5 Things About Sexual Communication We Won’t Learn from 50 Shades of Grey.

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50 shades of grey

Love it, or hate it. You must have heard of the 50 Shades of Grey trilogy which is about to make its way to a cinema near you.

You might also know of how people who enjoy BDSM (bondage and discipline; sadomasochism; dominance and submission) were up in arms over how 50 Shades inaccurately portrayed their lifestyle.

As a sexologist, I find it unfortunate that 50 Shades lost out on its opportunity to more positively enlighten the public about BDSM, but alas, it was written to entertain and not to educate.

Here are five things about sexual communication which might be useful to you:

1. Apply Consent.

Couples who have been together for some time say that they can gauge the ‘mood’ or even the response of their partners—most of the time. This is not fail proof. Unless you are a psychic or mind-reader, communication is indeed the key to a better sexual life.

Agree to speak your truth, and always ask if in doubt. Discuss how important it is to remain curious, so that both of you feel safe to open up further. In choose honesty and vulnerability as the higher way, it is important to call each other out on any mental games or bullying playing out. Life can be simple. Unless of course, it’s about playing out games in the bedroom with mutual consent.

2. Lay out Boundaries.

Have you had things being done to you sexually that you wish you had said something about as it was happening? Or have you realised only too late what was happening only after it happened? Did you vow to yourself you never want it happen again?

Boundaries are about things we know we do not want to do, and we don’t necessarily have to have done them in order to be sure that we really don’t want them. It is our duty of self-care to speak up—what we allow, what we want, what we do not want. Care more about yourself. Care less about pleasuring your partners only. And definitely do not give away your power to somebody you do not trust. Test them. Trust needs to be earned and can only be built only time.

3. Come Up with Code Words.

A code word is a word or a phrase designed to convey a predetermined meaning to a receptive audience, while remaining inconspicuous to the uninitiated. Take for instance: Red, Yellow and Green. Green is for Go; Yellow can be for Slow Down; and Red for Stop.

You may also use code words to indicate arousal (getting there), plateau (don’t stop), or orgasm (release). Or perhaps they can be used to state your level of readiness for penetrative sex or indicate anxiety. Code words help take emotional charge out of your words, and allow you to be even more effective in communicating in the bedroom.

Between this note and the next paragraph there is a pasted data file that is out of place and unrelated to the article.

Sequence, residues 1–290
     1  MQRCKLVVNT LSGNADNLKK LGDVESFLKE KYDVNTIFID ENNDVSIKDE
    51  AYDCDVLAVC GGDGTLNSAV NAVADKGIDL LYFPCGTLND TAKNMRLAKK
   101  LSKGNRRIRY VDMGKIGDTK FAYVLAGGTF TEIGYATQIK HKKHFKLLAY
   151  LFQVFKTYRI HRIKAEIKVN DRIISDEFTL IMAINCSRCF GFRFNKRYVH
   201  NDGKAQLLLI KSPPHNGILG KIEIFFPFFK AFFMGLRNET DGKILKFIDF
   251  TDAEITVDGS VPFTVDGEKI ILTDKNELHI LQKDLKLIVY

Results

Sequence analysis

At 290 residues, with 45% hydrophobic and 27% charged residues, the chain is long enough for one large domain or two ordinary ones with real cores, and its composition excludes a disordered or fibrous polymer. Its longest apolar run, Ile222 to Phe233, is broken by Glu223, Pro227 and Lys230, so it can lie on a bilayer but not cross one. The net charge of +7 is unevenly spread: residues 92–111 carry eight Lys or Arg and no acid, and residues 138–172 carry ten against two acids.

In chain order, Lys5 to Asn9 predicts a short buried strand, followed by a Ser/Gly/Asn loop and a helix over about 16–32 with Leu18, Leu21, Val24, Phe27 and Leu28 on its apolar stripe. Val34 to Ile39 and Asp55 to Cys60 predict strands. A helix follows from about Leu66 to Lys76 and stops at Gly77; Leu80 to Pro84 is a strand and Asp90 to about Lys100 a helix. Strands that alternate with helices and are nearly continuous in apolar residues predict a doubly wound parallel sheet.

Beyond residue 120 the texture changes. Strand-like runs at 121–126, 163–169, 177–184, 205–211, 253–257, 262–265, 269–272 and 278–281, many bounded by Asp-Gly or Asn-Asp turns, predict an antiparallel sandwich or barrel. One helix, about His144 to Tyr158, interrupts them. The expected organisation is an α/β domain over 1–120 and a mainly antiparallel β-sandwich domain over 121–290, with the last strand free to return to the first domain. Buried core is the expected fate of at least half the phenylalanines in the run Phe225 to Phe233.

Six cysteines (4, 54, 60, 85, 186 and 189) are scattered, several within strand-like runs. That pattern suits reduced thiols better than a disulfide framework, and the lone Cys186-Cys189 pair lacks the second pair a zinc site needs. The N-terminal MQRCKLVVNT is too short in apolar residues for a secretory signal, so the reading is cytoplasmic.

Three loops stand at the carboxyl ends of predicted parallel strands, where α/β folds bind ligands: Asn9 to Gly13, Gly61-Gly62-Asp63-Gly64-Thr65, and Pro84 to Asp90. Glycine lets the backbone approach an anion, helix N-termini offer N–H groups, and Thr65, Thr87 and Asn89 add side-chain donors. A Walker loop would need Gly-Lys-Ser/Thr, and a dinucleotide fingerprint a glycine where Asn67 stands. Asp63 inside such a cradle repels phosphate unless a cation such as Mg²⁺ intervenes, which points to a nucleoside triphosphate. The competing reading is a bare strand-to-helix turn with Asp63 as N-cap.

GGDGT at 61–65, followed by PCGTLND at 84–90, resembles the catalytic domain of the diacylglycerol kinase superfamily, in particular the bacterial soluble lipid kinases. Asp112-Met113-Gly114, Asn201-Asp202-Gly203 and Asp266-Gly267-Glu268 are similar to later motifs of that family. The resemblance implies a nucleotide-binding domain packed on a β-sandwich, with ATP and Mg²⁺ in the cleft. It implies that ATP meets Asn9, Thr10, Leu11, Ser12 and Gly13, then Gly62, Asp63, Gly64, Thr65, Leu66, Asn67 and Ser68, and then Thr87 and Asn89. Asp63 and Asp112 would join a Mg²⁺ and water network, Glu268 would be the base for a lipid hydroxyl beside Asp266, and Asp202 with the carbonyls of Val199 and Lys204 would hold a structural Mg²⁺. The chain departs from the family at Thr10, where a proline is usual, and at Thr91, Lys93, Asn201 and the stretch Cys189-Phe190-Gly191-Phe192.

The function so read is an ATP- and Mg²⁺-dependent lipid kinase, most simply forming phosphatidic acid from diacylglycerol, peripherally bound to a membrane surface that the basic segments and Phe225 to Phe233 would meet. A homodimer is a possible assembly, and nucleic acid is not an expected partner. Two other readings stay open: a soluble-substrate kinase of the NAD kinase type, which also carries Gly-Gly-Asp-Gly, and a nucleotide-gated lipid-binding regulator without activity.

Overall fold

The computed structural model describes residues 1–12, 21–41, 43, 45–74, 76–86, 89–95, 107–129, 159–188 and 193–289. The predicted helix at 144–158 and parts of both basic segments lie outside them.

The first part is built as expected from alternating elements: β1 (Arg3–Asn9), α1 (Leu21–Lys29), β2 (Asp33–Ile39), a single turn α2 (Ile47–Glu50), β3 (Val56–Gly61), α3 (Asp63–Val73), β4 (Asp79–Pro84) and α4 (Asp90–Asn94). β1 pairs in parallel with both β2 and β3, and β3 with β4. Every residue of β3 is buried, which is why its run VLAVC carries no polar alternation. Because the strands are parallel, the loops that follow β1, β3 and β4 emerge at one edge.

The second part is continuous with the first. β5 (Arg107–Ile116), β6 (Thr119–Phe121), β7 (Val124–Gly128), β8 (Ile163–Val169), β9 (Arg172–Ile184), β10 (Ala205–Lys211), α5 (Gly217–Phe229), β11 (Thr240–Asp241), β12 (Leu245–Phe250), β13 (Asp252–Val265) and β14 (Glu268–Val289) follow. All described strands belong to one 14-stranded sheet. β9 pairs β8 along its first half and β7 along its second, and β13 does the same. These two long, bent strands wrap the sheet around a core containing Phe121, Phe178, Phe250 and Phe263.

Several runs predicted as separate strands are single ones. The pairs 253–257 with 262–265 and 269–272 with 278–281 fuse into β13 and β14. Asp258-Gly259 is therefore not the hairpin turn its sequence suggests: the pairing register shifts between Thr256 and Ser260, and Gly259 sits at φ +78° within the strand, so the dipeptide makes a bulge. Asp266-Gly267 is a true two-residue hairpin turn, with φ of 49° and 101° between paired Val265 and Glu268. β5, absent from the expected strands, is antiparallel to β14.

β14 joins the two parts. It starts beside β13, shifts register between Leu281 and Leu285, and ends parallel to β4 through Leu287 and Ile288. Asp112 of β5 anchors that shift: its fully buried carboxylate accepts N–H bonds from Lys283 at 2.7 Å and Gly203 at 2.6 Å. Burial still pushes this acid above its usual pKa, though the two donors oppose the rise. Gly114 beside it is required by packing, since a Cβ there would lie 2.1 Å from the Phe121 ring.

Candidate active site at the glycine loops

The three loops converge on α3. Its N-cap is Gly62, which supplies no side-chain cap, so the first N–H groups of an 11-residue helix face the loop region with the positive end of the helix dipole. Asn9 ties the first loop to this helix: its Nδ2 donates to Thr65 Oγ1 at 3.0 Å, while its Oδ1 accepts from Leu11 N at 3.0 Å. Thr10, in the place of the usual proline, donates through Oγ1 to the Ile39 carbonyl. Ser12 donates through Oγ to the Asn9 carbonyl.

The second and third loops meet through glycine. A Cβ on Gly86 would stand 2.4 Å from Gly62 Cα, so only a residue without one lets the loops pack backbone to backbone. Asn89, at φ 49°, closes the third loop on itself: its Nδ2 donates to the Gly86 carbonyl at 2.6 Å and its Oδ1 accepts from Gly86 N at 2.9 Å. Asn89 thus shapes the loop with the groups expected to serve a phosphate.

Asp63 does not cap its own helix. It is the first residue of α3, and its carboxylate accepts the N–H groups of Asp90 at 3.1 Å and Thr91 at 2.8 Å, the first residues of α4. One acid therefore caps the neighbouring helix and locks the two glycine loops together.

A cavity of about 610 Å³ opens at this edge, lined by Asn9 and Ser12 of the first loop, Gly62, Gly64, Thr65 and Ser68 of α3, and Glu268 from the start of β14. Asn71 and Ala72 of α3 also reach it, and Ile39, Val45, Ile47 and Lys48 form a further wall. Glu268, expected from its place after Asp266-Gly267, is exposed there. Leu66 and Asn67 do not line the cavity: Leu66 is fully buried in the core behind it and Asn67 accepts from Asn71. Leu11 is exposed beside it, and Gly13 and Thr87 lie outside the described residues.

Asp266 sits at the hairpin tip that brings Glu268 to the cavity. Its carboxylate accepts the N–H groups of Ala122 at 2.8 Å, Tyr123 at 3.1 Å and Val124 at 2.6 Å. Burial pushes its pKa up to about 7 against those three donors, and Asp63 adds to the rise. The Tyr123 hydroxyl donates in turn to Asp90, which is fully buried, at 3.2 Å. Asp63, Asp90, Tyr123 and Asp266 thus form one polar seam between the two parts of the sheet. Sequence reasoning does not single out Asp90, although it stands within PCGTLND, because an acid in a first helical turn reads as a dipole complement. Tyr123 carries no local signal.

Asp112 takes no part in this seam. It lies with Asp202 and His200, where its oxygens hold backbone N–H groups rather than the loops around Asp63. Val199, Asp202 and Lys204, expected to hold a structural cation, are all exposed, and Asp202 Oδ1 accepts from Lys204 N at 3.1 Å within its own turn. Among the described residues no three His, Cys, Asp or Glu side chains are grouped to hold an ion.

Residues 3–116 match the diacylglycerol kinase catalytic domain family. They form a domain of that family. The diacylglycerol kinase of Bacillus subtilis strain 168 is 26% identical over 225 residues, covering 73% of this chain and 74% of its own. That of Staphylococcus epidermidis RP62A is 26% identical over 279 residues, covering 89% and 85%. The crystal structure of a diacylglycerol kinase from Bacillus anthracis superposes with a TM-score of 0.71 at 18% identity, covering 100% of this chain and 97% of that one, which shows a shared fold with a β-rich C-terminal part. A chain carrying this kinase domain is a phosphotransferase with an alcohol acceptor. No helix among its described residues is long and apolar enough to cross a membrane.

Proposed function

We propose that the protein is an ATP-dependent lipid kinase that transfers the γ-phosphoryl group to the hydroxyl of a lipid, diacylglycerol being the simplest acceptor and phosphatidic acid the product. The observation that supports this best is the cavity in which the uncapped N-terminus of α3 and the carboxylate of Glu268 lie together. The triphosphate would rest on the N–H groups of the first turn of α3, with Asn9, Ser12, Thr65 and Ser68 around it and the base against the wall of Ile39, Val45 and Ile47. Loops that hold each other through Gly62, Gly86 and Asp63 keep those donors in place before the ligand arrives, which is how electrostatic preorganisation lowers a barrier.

4. Use Scale

You can use a scale of one to 10 to obtain more specific answers to your questions. The nature of the questions can vary quite a bit: How tired are you feeling? How horny are you? How much would you like to have sex now?

If you are at a ten and your partner a four on your level of friskiness, then you can agree on a sexual activity both of you are willing to experience. You may use this to rank pleasure and compare experiences, for instance: “On a scale of one to ten, ten being the highest, what do you think of this (technique/ position/ etc.)?” and “How would you rank today’s (experience/ orgasm/ etc.) compared to the last time?”

5. Adopt Non-verbal Cues

Giving sexual feedback does not need to be only verbal. A nod or shake of your shake is often sufficient. But if you have a tendency to shake your head when you are in a state of ecstasy, your “no” might be mistaken as “please continue”.

Besides pre-established code words, one can adopt non-verbal cues especially if one is inhibited in some way. For instance, you may be wearing a mouth gag, or a full-face mask and have difficulties speaking. Cues could include tapping your right foot on the mat, shaking your shoulders, lifting your left arm, or all of the above!

While it is true that the more you communicate, the more you learn and understand about what makes your partners tick, authentic vulnerability leading to open sexual communication of our sexual feelings and thoughts takes time. Consequently, this increases your chances of having many wonderful sexual experiences.

 

 

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Author: Dr. Martha Tara Lee

Editor: Renée Picard

Photo: Mike Mozart at Flickr 

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Martha Tara Lee

Dr. Martha Tara Lee is the founder and clinical sexologist of Eros Coaching. She is a certified sexologist with a doctorate in human sexuality. She provides sexuality and relationship coaching for individuals and couples, conducts sexuality education workshops, and speaks at public events. She is the host of the weekly radio show, Eros Evolution, on OMTimes Radio, and author of the books Love, Sex and Everything In-Between and Orgasmic Yoga. Catch up with Martha by email or visit her website.

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